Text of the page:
Check engine lights not inspiring the urgency they should
Survey looked at US drivers and their CEL habits
Are you one of those drivers who has had their little check engine light on for so long that you’re wondering if you can claim it as a dependent? You’re not alone, says a new survey, which found that a quarter of vehicle owners will never ever get their check engine light checked once it powers on. Though that’s not the only surprise in this data.
We know that the check engine light can be an elusive thing to track down, telling you a fault code but not always giving you a clue as to where the real problem lies. And that can cost you more money than just doing nothing, because, after all, it’s still running fine, right?
A new survey of 1,239 US residents by Reviews.com (via The Drive) sheds a shining light on the habits of drivers and their warning lights. The survey found that only 36.1 percent of people take their car to a mechanic within the first week of the CEL illuminating.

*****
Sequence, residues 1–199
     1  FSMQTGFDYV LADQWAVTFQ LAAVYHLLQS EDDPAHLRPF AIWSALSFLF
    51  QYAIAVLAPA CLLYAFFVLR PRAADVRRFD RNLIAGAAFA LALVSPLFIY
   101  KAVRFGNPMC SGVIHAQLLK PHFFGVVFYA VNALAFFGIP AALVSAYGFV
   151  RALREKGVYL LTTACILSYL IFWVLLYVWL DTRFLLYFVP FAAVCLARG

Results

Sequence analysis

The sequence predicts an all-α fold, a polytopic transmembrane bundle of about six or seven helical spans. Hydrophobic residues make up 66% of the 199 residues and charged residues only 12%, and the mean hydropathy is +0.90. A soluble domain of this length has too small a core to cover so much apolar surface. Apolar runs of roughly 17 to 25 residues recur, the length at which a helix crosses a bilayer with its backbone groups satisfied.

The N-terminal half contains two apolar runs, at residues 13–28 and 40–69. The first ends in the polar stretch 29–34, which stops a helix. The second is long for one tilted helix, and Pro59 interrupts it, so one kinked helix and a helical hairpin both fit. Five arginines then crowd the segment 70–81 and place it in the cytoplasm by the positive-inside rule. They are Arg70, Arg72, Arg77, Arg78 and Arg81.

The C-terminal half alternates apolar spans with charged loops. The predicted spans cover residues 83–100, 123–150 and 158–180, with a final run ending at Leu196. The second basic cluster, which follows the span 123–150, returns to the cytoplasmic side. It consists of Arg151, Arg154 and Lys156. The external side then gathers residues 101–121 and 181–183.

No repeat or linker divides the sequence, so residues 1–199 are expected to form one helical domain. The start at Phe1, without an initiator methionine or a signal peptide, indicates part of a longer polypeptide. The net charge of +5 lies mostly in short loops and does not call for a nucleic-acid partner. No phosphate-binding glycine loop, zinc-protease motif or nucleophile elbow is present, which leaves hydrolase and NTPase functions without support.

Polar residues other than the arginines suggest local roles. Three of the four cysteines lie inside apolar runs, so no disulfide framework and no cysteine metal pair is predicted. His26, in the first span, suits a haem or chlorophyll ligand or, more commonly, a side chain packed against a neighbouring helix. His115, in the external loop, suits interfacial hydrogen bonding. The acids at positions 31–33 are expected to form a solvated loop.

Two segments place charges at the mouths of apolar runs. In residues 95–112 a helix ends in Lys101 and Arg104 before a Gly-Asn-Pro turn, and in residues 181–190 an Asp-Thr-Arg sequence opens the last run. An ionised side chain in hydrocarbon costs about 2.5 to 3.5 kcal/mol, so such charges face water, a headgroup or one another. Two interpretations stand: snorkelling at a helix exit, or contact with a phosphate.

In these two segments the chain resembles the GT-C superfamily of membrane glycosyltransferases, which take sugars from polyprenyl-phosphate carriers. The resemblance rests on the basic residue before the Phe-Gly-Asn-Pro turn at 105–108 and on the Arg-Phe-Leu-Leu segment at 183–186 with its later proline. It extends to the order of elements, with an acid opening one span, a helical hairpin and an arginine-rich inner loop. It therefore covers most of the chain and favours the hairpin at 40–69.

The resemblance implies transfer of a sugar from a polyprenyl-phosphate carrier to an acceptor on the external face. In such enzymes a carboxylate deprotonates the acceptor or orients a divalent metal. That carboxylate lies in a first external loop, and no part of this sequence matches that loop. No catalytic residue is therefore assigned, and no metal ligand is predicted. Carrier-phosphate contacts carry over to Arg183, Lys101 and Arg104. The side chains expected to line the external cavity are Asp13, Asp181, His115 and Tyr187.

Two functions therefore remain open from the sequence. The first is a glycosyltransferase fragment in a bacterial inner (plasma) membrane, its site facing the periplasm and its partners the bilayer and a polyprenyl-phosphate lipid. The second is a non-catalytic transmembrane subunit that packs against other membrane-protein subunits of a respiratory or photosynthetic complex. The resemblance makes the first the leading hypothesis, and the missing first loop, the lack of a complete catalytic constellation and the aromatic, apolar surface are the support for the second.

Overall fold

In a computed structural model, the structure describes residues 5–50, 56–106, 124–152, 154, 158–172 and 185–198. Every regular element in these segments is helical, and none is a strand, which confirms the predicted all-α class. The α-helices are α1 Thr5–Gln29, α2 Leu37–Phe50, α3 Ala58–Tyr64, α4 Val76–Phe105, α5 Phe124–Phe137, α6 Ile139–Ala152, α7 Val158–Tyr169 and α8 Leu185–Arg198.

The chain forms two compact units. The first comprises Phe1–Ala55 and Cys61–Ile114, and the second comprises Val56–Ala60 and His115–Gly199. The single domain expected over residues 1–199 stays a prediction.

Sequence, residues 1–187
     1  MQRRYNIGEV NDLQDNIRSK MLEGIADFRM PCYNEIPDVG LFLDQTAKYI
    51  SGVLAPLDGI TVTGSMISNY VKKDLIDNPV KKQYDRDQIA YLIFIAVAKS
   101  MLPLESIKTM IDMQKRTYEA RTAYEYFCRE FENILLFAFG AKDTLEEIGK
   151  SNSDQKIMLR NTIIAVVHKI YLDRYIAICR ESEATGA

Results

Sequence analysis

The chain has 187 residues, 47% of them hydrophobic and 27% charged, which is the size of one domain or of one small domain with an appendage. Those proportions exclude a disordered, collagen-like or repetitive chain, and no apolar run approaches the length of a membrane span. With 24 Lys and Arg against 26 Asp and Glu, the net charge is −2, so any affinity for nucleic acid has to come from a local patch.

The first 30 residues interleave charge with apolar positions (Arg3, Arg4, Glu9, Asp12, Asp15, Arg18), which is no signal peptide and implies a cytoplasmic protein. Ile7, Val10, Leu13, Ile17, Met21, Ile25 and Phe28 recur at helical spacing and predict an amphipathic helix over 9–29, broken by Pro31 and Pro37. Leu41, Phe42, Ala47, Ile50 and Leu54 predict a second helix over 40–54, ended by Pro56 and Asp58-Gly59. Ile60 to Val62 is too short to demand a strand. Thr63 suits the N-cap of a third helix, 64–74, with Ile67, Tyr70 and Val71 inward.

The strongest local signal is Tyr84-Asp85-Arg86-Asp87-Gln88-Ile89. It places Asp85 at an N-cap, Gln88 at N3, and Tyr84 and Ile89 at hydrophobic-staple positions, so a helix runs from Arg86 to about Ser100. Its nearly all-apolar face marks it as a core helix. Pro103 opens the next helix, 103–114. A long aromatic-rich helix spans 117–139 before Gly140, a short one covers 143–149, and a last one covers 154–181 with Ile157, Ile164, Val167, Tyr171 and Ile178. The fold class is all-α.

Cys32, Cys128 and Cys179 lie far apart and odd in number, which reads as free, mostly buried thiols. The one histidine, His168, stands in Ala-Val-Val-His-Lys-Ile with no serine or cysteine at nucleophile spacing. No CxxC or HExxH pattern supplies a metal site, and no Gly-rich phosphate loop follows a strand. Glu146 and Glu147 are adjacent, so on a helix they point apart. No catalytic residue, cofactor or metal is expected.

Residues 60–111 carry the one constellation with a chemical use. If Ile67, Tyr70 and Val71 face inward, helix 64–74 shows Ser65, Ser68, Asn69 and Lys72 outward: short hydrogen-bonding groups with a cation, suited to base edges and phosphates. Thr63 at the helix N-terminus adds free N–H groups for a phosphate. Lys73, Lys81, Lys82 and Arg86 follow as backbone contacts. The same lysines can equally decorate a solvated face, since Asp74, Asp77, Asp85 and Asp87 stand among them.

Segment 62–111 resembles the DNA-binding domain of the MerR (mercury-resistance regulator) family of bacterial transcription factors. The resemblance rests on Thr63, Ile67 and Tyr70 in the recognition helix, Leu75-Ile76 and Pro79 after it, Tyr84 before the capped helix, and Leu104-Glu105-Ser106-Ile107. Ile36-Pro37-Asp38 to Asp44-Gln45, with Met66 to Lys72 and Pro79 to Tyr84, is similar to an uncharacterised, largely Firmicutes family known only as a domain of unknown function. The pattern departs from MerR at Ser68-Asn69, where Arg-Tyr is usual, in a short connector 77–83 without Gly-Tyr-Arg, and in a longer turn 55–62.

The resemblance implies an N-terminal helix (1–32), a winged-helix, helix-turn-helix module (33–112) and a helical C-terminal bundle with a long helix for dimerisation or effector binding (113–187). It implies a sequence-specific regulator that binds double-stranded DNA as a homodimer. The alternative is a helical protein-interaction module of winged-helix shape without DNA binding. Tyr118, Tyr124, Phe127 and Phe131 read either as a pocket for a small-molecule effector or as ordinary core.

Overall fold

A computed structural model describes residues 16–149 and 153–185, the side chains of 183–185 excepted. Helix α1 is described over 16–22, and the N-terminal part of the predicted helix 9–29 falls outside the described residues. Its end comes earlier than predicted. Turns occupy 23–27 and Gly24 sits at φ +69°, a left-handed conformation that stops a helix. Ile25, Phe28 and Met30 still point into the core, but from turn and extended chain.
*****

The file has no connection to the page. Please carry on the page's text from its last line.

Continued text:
That doesn’t seem unreasonable, especially with busy lives and a wait to get into a good shop, but 29.6 percent of people said they would wait between one month and a full year before getting that light checked out. Which seems a bit extreme, even to us.
25 percent say they will never (yes, never) get their light checked, and 9.2 percent said they wait until there is an obvious problem. Because a check engine light isn’t obvious enough, we suppose.
Why don’t they check it out? “I don’t want to know what’s wrong. It’s probably something I can’t afford to worry about right now,” said one respondent. Another said that “I drive a Toyota older than me, the check engine light has been on for over two years and I haven’t noticed any real problems.”
To the surprise of approximately zero people, 32 percent of men say they will never get the light checked, compared with just 18.4 percent of women. Nearly half of those over age 45 will take their car in immediately, compared with 26.6 percent of those under 35, which is probably related to economic and time constraints.
We don’t recommend waiting on that light, because something small (like a lean-running condition) can quickly turn into something far more expensive (like a failed catalytic converter or entire engine). If that light starts to flash, make a mechanic your first dash.